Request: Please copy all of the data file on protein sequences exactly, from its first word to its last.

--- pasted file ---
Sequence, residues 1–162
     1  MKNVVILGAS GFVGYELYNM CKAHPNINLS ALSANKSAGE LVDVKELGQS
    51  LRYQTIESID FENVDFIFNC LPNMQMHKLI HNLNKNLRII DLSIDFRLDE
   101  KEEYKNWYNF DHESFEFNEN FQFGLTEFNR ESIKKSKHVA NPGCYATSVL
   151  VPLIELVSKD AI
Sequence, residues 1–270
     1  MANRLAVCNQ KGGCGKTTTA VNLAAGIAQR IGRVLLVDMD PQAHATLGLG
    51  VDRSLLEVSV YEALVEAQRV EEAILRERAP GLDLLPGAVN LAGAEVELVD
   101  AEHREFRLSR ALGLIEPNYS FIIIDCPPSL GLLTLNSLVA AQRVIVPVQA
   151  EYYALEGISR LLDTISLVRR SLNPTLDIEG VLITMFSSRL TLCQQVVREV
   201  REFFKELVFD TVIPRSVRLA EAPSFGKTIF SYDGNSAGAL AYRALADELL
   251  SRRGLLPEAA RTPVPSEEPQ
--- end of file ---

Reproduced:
Sequence, residues 1–162
     1  MKNVVILGAS GFVGYELYNM CKAHPNINLS ALSANKSAGE LVDVKELGQS
    51  LRYQTIESID FENVDFIFNC LPNMQMHKLI HNLNKNLRII DLSIDFRLDE
   101  KEEYKNWYNF DHESFEFNEN FQFGLTEFNR ESIKKSKHVA NPGCYATSVL
   151  VPLIELVSKD AI
Sequence, residues 1–270
     1  MANRLAVCNQ KGGCGKTTTA VNLAAGIAQR IGRVLLVDMD PQAHATLGLG
    51  VDRSLLEVSV YEALVEAQRV EEAILRERAP GLDLLPGAVN LAGAEVELVD
   101  AEHREFRLSR ALGLIEPNYS FIIIDCPPSL GLLTLNSLVA AQRVIVPVQA
   151  EYYALEGISR LLDTISLVRR SLNPTLDIEG VLITMFSSRL TLCQQVVREV
   201  REFFKELVFD TVIPRSVRLA EAPSFGKTIF SYDGNSAGAL AYRALADELL
   251  SRRGLLPEAA RTPVPSEEPQ